|Budget Amount *help
¥1,100,000 (Direct Cost : ¥1,100,000)
Fiscal Year 1990 : ¥300,000 (Direct Cost : ¥300,000)
Fiscal Year 1989 : ¥800,000 (Direct Cost : ¥800,000)
Eco-systems, biological community, neural networks and the like are modeled as systems consisting of interacting populations. We investigated the behavior of such interacting systems from the standpoint of their stable pattern generation capability and interaction strength, and discovered the following specific features :
1. A Lotka-Volterra system for a multiple competing species community was analyzed to illustrate how community structure is reorganized upon invasion of new species. By analyzing the stability property of equilibrium states, we obtained a criterion for invasion of a new species, which explains directional changes of some quantities characteristic to successional processes. We further investigated the effect of invading predators on the community structure, in terms of predator-mediated coexistence and predator-induced instability.
2. Community structures of Hermatypic Corals was studied from view points of zonation, coverage and ecological succession. Particularly the temporal change of species diversity was explained by introducing a dynamical model.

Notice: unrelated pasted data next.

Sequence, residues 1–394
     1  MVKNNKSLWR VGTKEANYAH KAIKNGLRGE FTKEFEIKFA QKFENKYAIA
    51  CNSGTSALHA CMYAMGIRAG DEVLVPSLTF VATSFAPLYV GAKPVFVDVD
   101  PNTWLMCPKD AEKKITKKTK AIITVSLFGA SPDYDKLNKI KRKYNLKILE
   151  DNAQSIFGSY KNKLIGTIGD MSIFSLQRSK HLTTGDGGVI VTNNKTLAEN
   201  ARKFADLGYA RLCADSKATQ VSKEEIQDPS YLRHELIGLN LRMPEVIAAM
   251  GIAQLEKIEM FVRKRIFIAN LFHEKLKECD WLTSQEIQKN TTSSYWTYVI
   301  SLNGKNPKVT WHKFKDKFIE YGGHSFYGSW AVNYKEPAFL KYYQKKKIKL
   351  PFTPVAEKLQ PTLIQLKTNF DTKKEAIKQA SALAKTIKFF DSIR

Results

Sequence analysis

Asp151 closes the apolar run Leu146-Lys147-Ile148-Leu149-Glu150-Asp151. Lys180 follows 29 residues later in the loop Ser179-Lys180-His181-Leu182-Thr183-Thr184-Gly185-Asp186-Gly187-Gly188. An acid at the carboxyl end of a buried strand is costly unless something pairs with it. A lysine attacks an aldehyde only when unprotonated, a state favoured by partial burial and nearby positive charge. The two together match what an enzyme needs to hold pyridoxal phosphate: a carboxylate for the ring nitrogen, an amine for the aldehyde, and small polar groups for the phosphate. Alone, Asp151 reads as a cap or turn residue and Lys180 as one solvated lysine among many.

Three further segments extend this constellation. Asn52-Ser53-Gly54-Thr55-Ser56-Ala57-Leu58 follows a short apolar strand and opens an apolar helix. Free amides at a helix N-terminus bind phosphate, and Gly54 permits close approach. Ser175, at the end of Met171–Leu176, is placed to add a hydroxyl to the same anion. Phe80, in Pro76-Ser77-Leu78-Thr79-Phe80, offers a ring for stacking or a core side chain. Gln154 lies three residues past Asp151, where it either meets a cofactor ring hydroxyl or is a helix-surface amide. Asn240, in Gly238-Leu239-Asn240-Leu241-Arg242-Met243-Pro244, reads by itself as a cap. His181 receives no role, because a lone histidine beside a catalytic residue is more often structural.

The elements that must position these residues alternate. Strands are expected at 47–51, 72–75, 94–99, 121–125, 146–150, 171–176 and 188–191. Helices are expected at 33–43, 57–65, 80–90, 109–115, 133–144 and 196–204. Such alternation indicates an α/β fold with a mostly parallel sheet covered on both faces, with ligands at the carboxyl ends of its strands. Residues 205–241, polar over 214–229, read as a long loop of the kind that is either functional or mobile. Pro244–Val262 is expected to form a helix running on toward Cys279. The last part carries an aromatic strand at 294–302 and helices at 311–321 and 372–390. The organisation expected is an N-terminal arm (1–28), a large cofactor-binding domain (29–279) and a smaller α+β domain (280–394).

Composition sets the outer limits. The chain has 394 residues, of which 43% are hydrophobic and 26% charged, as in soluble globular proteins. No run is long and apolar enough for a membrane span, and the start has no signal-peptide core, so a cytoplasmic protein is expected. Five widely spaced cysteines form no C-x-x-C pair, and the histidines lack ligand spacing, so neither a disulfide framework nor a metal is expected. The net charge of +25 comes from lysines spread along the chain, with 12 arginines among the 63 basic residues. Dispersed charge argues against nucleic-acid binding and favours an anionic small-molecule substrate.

3. For a network of binary state elements, we first characterized the existence of state functions through the properties on their difference functions. Then a state function is a Lyapunov function for some network if the function value decreases as the system undergoes state changes. We applied the result for networks of McCulloch-Pitts type model neurons and found, in its simplest linear analysis, that a network has a Lyapunov function if the weight matrix is quasi-symmetric. For more general logic net, we also showed that a certain type of symmetry for each pair of elements is sufficient for the existence of Lyapunov functions.